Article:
• What would your peer expect you to do? How about your leaders?
  • What would have been the consequences of shooting? How would this shooting have influenced the relationship between the officer and the public?
  • What were the consequences of not shooting?

The Rest of the Story?

Clearly, this was a dynamic situation. There was very little time for me to make some very significant decisions. I did not shoot, and the suspect disappeared into the night. Upon hearing the gunshot, my partner came to assist me. We contacted a police K-9 officer who tracked the suspect to a nearby vacant home and took him into custody. The suspect served several years in prison for attempted homicide on a law enforcement officer. Many people felt like I should have taken the man's life for trying to kill me. When I became a law enforcement officer, I understood that I may have to take someone's life in the course of my duties. I just did not want to do it by shooting a man in the back - not like that. I did not feel as though it would have been an honorable action.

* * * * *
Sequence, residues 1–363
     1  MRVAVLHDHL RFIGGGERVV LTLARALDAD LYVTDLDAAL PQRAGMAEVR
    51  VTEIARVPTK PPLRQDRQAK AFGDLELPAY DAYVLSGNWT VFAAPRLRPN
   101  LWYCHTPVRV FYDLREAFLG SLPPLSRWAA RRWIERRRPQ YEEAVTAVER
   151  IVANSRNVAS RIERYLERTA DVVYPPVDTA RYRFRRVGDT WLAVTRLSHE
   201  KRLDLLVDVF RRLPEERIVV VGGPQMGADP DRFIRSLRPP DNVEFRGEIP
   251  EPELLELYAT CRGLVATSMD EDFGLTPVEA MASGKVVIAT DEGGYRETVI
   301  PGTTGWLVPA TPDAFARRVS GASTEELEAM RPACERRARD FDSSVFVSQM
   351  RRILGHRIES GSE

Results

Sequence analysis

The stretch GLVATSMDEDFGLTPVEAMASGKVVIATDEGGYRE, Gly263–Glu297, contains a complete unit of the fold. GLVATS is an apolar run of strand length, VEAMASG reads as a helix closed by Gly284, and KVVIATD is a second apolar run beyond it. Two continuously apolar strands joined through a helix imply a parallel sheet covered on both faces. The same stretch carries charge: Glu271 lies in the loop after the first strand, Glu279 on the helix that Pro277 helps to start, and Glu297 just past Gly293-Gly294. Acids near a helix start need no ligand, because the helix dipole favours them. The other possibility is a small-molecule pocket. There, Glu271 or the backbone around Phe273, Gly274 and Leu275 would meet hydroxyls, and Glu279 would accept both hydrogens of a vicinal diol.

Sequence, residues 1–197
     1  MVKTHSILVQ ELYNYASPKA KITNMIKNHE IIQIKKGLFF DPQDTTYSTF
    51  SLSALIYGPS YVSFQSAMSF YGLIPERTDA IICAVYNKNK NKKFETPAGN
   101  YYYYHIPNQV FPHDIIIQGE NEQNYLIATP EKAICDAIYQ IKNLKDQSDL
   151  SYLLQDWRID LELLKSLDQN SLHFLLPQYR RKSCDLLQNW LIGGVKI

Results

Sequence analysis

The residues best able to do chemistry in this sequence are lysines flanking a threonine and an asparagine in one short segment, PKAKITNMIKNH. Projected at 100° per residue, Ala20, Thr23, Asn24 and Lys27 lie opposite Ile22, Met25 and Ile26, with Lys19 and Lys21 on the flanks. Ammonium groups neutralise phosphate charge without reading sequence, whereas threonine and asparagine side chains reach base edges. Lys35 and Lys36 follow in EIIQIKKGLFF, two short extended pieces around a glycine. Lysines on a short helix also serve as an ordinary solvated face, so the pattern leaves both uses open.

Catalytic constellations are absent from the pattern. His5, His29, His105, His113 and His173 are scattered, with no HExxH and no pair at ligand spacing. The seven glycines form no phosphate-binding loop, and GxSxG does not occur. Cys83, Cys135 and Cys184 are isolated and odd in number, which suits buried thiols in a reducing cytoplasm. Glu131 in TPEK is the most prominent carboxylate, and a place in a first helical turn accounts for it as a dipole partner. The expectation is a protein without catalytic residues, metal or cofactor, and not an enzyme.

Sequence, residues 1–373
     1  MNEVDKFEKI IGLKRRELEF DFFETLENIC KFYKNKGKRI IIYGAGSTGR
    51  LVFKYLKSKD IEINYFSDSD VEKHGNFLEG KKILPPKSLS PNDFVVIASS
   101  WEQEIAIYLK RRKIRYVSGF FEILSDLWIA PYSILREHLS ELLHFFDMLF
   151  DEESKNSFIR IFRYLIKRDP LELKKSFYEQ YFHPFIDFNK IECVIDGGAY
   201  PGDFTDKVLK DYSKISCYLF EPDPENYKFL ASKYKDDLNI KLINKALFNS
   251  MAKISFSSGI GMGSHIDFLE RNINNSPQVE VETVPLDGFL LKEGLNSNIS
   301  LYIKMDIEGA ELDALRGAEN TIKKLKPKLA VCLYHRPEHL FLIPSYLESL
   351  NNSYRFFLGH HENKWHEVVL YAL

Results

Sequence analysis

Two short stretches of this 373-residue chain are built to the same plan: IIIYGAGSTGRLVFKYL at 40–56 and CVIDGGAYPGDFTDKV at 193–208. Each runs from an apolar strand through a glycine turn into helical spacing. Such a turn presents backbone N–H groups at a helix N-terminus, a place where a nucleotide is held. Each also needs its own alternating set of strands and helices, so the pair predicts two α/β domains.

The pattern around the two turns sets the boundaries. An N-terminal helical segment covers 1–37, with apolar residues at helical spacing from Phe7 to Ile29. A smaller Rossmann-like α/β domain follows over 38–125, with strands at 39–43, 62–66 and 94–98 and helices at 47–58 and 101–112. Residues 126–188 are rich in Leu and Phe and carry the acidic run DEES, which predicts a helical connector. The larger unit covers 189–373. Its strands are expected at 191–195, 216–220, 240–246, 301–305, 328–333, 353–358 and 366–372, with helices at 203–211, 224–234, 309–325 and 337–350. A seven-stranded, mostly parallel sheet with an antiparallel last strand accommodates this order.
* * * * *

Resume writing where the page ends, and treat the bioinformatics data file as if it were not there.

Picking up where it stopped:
My "street cred" was everything to me. It is what facilitated good communication with my network of informants. In the long run, I was able to maintain a sense of rapport and trust with key members of different groups. Many of my informants, long-time criminals themselves, recognized that I Was in a bad situation and respected me for being a "stand-up guy" as a result of this incident. They felt comfortable in providing me information that assisted in solving some our most difficult criminal cases.